The military judge in the USS Cole death-penalty case on Friday rejected the accused terrorist’s bid to spend nights at Camp Justice because the commute from his clandestine prison lock-up makes him sick.
Judge Vance Spath agreed that Saudi captive Abd al Rahim al Nashiri, 52, suffers from motion sickness. But the Air Force colonel announced he would issue a written ruling that sides with the military, even if some security concerns voiced in a closed session last year “seemed more fanciful in worry than realistic.”
Lead case prosecutor Mark Miller, on loan from the Justice Department, defended the honor of the U.S. military devising security protocols, saying that perhaps just one extra security measure would have stopped the Sept. 11 attacks or the suicide bombing of the USS Cole warship on Oct. 12, 2000, off the coast of Yemen.
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Seventeen U.S. sailors died in that attack and Nashiri is charged with orchestrating it. No trial date has been set as the judge and lawyers work through pretrial issues, which Friday touched on how a witness could testify voluntarily if he’d been tortured first, even years before.
Nashiri spent four years in CIA custody, and his lawyers say the trip between the secret Camp 7 and the crude court compound makes him sick, in part because the conditions of his commute remind him of his rendition around the world. In addition, a U.S. medical panel diagnosed him as suffering complex post traumatic stress disorder and depression.
An Army doctor who treated him until recently said Nashiri suffers from routine motion sickness. The officer, an internist, said he knows nothing about his CIA treatment but could treat it anyway. He prescribed him one medicine for motion sickness, another for nausea and said one way Nashiri could combat the problem would be to look out a window — something that’s not possible because guards transport captives in windowless vans.
Even if he could recommend it, the doctor said, he would not because security is paramount at the 41-captive detention center with a 1,650-member military and civilian staff.
Defense lawyers argued in their sleepover filing that the Saudi has to choose between being lethargic at court because of the drugs or feeling nauseous — no choice somebody facing the possibility of execution should have to make.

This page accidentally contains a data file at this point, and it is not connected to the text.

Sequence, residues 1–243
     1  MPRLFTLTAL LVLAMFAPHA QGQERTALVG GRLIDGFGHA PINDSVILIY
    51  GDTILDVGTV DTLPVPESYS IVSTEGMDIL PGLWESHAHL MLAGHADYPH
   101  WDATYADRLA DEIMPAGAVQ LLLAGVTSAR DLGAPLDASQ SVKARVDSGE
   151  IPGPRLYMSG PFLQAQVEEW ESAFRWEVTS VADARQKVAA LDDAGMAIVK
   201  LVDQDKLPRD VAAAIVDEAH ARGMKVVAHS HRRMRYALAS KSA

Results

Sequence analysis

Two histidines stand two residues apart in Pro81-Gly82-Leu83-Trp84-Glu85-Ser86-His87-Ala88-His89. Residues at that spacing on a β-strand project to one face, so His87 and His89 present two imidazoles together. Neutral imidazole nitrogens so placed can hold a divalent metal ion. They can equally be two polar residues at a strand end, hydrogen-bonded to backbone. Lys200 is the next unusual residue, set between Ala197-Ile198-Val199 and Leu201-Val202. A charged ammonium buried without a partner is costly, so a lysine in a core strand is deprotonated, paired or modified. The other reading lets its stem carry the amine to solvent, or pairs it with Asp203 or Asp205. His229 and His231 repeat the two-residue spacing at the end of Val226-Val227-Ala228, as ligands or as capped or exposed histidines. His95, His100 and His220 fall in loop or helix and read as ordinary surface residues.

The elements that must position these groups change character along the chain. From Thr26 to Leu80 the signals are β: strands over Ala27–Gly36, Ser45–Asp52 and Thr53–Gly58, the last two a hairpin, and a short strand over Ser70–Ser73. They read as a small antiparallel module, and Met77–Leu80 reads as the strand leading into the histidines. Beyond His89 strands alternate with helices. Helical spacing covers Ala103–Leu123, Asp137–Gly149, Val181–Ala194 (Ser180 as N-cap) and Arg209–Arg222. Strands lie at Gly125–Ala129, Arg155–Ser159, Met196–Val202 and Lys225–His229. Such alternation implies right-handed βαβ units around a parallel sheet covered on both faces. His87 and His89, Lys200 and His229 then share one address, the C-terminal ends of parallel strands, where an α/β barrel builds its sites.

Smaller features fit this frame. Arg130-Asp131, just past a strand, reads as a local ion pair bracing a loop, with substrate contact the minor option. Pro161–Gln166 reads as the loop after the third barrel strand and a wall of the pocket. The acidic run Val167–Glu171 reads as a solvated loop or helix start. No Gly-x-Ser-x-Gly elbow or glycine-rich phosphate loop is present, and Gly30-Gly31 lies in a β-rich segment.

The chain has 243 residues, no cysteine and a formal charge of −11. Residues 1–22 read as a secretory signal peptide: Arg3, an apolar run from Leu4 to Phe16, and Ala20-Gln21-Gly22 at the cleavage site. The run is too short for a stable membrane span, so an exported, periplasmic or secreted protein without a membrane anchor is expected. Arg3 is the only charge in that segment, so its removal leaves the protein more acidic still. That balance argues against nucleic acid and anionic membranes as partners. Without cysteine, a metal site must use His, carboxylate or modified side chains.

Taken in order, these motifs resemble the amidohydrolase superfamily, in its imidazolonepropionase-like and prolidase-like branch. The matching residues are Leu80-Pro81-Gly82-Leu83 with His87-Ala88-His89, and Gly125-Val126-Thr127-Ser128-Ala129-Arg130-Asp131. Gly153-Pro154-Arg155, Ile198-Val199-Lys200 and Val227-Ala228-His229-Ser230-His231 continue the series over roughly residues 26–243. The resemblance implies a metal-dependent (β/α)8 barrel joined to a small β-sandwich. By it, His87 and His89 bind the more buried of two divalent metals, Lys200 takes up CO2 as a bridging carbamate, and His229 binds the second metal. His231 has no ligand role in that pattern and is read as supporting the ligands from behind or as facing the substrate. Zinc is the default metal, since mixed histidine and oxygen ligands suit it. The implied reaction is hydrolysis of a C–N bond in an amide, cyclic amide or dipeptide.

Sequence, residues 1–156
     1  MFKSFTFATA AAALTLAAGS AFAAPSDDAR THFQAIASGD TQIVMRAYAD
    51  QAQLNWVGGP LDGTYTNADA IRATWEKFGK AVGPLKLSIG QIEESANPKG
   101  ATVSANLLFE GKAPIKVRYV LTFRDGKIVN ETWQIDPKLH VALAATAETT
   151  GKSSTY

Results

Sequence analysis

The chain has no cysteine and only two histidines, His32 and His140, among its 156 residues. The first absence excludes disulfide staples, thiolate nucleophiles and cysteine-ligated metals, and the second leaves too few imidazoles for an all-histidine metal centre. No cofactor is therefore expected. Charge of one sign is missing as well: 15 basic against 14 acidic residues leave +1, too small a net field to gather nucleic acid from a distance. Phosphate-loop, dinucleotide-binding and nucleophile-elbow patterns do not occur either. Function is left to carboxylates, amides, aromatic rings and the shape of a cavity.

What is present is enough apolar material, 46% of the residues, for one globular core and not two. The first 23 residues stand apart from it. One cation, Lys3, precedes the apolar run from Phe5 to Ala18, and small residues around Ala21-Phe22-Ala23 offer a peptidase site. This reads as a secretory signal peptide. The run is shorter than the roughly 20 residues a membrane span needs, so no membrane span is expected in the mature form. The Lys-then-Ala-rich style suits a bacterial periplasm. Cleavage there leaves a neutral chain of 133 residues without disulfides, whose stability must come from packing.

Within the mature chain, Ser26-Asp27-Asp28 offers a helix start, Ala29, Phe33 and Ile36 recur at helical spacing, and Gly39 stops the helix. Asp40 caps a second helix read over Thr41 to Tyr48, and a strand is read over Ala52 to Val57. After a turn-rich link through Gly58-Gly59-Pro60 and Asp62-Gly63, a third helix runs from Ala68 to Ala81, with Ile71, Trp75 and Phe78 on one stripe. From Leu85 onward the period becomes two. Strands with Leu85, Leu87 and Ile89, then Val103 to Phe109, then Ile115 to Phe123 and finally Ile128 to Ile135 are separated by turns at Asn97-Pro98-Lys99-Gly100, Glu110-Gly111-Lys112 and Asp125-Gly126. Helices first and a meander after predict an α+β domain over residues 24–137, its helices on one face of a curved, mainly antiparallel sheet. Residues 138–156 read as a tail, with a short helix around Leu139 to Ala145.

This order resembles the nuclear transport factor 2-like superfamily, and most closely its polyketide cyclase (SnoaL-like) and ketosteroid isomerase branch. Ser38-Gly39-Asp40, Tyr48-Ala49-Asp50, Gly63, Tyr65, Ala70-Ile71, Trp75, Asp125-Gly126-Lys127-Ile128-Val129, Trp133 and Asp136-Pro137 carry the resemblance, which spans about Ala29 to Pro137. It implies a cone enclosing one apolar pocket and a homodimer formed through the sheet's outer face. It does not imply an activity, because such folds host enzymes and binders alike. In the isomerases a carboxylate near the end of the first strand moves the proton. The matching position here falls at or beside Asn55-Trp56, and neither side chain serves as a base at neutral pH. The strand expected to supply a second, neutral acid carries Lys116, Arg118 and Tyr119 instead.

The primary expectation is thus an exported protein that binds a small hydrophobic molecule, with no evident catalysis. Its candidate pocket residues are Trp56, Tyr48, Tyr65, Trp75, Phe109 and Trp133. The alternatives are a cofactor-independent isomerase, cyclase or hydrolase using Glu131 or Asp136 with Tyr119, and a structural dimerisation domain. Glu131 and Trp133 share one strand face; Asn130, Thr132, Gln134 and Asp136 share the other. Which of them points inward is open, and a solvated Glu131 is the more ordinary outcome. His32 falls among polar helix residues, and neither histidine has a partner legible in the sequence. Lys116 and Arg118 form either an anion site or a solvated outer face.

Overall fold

Earlier this week, defense attorney Rosa Eliades said, he “was vomiting all over the place” after one trip. A prosecutor explained that his usual transport van was broken and something different was used.
Spath jousted with attorneys on his authority to order that Nashiri spend his nights at the so-called Expeditionary Legal Complex, which has five Federal Bureau of Prison-style holding cells in back. He made clear that he would defer to what he heard last year in the closed session from the warden, Army Col. Steve Gabavics, no matter how “fanciful” some of it seemed.
But if the Saudi captive continued to be sick the judge said he might fashion a remedy of his own to make sure the accused terrorist is fit, alert and capable of working with his lawyers.
One idea he floated was holding trial just three days a week, from noon to 8 p.m. on Monday, Wednesday and Friday. That way, Spath said, the prison could deliver Nashiri early in the morning, let him sleep off his nausea or lethargy in the holding cell and be returned to the clandestine Camp 7 compound late that night. Tuesdays and Thursdays would be days off.
Defense lawyers had at one point planned to have Nashiri testify in open court about the condition. Prosecutors wanted the Saudi to do it in closed session, something a consortium of 15 news organizations opposed in a Jan. 19 war court filing.
Once Spath announced in court Friday that he agreed with Nashiri, that he suffers from motion sickness, defense attorney Rick Kammen said his testimony on that topic was unnecessary.